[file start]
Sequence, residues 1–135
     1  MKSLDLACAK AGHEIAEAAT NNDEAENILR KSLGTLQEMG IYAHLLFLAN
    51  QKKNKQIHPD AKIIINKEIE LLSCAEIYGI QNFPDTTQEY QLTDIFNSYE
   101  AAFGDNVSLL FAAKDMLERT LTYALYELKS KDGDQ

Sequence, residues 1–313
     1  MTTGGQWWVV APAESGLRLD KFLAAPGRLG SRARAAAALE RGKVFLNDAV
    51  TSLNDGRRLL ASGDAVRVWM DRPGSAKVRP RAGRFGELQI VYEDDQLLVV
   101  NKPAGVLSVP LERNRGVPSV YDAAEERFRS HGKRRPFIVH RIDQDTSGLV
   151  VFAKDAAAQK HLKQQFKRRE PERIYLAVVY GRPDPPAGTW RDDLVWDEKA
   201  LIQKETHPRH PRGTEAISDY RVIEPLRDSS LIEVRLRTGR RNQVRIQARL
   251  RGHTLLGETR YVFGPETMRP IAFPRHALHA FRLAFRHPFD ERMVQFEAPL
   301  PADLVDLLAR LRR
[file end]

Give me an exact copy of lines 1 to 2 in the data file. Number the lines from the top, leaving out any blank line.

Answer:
Sequence, residues 1–135
     1  MKSLDLACAK AGHEIAEAAT NNDEAENILR KSLGTLQEMG IYAHLLFLAN